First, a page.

N.L. marks 1st Emancipation Day with music, dancing at The Rooms

·2 min read
Barb Walsh, advisor for Black-centric programming with the Association for New Canadians, says her organization has wanted to hold an Emancipation Day event in Newfoundland and Labrador since the federal government announced last year that August would be designated Emancipation Month.  (Katie Breen/CBC - image credit)
Barb Walsh, advisor for Black-centric programming with the Association for New Canadians, says her organization has wanted to hold an Emancipation Day event in Newfoundland and Labrador since the federal government announced last year that August would be designated Emancipation Month. (Katie Breen/CBC - image credit)
Katie Breen/CBC
Katie Breen/CBC

Newfoundland and Labrador celebrated its first-ever Emancipation Day on Tuesday with a gathering at The Rooms provincial archives and museum in St. John's.

Barb Walsh, advisor for Black centric programming with the Association for New Canadians, said the group has wanted to bring the event to Newfoundland and Labrador since last year's announcement by the federal government that August would be designated Emancipation Month.

"We wanted to bring all of the Black excellence that currently exists in Newfoundland to the stage and to the people here to let them know there's a lot of Black talent here," Walsh said.

"Bringing this inaugural celebration today is an amazing milestone in history, especially here in the province."

On Aug. 1, 1834, Britain passed the Slavery Abolition Act, which outlawed the owning, buying, and selling of humans as property throughout the Commonwealth.

Tuesday's event in St. John's focused on the perseverance of Black communities in Canada and reflected on Canada's history of anti-Black racism. It also celebrated the achievements of Black Canadians, particularly those in Newfoundland and Labrador.

The event featured speakers and dancers, including Jay Heart, Tendai Mudunge, Baraka Abayo, Navel Sarr and the Black Heritage N.L. Choir. Mixed-media artist Bushra Junaid was Tuesday's keynote speaker.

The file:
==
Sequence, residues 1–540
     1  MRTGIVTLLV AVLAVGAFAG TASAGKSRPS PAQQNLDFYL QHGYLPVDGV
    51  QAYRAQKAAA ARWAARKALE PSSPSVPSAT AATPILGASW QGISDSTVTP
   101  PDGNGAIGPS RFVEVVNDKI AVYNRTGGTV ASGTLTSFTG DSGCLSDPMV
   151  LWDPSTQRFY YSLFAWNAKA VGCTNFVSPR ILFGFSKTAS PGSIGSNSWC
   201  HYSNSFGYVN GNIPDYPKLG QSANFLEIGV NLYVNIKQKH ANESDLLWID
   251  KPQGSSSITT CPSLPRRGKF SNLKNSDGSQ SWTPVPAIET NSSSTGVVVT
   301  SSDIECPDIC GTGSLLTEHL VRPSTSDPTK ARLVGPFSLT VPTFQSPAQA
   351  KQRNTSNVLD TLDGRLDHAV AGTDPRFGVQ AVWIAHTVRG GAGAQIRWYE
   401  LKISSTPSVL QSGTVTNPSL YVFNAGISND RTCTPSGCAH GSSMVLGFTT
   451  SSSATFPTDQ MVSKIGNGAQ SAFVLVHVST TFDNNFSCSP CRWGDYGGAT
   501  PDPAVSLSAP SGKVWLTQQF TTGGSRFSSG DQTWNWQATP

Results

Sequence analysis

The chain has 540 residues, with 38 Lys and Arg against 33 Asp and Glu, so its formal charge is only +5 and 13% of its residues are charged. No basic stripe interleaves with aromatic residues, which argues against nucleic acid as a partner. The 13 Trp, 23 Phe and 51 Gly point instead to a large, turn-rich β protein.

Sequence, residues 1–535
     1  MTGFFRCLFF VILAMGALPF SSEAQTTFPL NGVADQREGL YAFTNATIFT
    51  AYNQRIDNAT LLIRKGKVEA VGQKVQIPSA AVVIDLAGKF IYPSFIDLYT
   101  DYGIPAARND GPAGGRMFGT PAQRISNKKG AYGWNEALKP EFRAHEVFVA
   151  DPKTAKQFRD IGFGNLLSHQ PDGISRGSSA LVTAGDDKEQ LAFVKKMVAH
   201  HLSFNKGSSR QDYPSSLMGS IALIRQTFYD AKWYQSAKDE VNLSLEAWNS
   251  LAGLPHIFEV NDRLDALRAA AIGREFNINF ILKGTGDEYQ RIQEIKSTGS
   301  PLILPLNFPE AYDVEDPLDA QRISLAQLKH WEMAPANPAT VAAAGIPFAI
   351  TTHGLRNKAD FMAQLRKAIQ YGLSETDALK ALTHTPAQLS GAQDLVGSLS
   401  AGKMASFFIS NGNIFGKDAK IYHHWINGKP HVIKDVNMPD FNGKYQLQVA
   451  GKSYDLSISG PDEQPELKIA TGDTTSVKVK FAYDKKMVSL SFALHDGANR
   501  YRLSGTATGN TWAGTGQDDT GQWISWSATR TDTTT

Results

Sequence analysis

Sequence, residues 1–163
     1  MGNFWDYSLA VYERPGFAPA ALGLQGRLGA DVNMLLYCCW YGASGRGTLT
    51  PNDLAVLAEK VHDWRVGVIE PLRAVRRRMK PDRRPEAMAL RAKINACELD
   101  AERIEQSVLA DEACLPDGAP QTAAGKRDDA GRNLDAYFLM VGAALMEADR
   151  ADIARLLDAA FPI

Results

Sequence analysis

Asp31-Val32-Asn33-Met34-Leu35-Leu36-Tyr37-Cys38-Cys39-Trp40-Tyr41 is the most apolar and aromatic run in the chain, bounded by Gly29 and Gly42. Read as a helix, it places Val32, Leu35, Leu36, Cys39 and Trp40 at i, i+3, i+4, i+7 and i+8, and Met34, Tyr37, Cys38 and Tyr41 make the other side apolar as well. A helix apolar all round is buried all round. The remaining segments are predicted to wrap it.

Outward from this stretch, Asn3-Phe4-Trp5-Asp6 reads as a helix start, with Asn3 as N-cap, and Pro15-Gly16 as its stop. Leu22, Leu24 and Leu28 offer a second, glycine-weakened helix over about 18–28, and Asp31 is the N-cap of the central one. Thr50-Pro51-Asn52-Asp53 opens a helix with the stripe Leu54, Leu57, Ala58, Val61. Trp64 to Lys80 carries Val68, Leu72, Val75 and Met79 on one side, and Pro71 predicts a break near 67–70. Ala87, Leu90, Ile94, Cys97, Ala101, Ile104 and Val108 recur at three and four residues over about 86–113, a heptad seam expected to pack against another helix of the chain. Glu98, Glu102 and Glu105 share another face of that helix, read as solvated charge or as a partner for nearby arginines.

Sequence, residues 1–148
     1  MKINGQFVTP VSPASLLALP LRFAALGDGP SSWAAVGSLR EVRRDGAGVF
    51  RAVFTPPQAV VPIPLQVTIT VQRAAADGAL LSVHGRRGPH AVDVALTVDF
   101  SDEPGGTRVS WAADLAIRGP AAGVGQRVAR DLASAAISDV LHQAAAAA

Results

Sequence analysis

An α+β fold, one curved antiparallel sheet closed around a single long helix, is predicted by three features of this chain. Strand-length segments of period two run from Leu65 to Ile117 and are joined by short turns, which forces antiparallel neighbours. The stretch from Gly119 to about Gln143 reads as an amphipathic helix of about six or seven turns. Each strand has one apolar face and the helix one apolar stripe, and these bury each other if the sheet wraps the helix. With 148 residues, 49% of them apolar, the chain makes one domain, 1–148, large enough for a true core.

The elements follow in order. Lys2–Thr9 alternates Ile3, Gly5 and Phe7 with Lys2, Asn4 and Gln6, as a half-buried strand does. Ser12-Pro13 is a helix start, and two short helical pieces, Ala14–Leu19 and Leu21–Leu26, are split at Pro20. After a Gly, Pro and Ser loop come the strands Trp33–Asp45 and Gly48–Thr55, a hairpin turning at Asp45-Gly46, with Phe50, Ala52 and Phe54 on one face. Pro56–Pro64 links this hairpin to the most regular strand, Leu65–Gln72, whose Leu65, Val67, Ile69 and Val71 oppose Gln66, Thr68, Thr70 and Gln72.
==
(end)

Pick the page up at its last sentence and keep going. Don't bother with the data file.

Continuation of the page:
Katie Breen/CBC
Katie Breen/CBC

Newfoundland has its own history with slavery, Walsh said, with 19 slave ships built in the province and evidence of slave owners who left behind property. She said she wants to see the annual celebration continue and branch out with celebrations across the province instead of happening only in St. John's.

"It's really important to celebrate Emancipation Day here to show the province that yes, we're rooted in Black history and we're moving to the future," she said.

"Our message today is strength and perseverance."

'We need that kind of togetherness'

By marking the day, Newfoundland and Labrador follows New Brunswick, which celebrated its first Emancipation Day on Monday, and Nova Scotia, which celebrated its second.

Katie Breen/CBC
Katie Breen/CBC

Singer-songwriter Baraka Abayo said the biggest takeway from Emancipation Day is "just opening the conversation."

"As long as we're a society that can talk to each other, we can address things with each other, we can share our cultures and share our experiences," he said.

"We need that kind of attention, we need that kind of togetherness in the community, and I think that's the biggest, best thing that can happen."

Singer Allia Vee said Emancipation Day is about moving forward and making a better future.

"I would like to see us not think about 'those' but to think about 'us' in general, to all feel like we're living in harmony," she said.

"The only way we'll learn is if you ask and if we're also willing to respond with love."

Read more from CBC Newfoundland and Labrador

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